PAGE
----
• The metro area of Fargo, N.D., and its surrounding towns in both North Dakota and Minnesota is the best place for homeownership in Minnesota. It had a high median home value ($198,800), low unemployment (2.7%), a short average commute time (16.7 minutes) and increasing home values (22.04%) from 2013 to 2017.
  • The Minneapolis–St. Paul–Bloomington Metro Area came in seventh on this list. It had the highest median home value ($234,900), low unemployment (4.3%) and increasing home values paired with decreasing housing costs from 2013 to 2017 (6.68% and -2.26%, respectively). The area’s longest average commute on our Minnesota list — 25.3 minutes — kept it from ranking higher.
  • The Duluth Metro Area was the worst place in Minnesota for homeownership in our review. It has a low median home value for the state ($157,000), higher unemployment (5%) and a slight increase in monthly housing costs from 2013 to 2017 (1.81%).

The best cities for homeownership in Minnesota

1. Fargo, N.D.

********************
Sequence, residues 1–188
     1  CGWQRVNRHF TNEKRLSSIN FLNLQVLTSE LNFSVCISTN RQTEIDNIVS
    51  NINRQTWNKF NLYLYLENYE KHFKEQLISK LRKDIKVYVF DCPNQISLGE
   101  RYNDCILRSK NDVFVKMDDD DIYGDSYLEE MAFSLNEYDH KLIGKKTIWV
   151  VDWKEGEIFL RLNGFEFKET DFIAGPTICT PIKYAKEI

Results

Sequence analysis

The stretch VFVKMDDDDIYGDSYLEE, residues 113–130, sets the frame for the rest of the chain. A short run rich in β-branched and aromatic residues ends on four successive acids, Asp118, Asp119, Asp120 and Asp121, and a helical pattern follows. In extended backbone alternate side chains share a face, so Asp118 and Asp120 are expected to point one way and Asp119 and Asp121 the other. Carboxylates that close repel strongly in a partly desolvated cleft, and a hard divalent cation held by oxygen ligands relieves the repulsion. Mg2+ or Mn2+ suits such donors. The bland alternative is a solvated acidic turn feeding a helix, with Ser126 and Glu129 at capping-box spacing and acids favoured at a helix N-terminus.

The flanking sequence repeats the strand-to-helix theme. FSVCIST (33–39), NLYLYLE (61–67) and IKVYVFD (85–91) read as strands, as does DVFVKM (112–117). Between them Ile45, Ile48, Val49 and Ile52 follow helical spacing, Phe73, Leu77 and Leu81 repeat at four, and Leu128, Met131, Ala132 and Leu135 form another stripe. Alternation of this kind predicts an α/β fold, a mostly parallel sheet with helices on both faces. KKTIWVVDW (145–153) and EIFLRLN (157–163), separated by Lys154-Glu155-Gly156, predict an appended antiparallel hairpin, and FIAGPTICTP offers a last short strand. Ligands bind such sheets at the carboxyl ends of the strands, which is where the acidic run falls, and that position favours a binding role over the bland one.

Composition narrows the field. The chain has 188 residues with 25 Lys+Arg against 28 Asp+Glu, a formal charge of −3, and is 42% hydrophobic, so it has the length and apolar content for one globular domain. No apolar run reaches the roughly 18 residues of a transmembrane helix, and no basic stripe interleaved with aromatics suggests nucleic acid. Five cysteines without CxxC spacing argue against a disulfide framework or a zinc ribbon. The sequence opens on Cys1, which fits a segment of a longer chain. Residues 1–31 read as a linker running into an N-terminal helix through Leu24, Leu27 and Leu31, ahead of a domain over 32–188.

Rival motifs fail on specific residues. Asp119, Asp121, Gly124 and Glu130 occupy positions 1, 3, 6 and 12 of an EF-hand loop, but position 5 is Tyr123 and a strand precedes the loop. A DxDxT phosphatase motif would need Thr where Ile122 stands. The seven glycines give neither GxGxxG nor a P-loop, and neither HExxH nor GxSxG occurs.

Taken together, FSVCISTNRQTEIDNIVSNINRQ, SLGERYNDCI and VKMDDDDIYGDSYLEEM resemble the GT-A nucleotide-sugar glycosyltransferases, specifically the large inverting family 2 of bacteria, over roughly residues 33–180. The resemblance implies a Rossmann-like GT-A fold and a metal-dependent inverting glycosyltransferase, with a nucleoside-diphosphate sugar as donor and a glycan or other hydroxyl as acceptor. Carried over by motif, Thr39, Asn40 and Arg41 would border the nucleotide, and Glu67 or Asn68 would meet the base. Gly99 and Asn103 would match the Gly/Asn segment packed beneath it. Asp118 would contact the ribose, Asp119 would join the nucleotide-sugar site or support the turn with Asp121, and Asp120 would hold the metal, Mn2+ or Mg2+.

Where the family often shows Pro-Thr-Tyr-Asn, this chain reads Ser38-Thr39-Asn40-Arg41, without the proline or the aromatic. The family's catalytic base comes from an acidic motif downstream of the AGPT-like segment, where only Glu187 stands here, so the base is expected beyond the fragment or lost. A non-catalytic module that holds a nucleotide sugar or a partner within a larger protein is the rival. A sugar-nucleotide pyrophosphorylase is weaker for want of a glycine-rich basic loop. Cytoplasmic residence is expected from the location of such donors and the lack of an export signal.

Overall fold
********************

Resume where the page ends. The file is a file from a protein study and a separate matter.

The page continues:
While the Oscar-winning movie “Fargo” might have put Fargo, N.D., and its surrounding towns on the map, it’s the return on housing investment that has homeowners flocking to the area. Fargo is ranked No. 1 on this list for a number of reasons. From 2013 to 2017, Fargo had the greatest housing appreciation on this list, at 22.04%, and homes here are valued second-highest in the state, at a median $198,800. On the other hand, the city’s unemployment rate was on the lower end at 2.7%, as of 2017. The commute time is also on the light end, at 16.7 minutes — much lower than the national average of 26.9 minutes in 2017, according to the U.S. Census Bureau. Because of all these benefits for homeowners, monthly housing costs are up 2.17% in recent years, which also happens to be the biggest change in home costs on this list.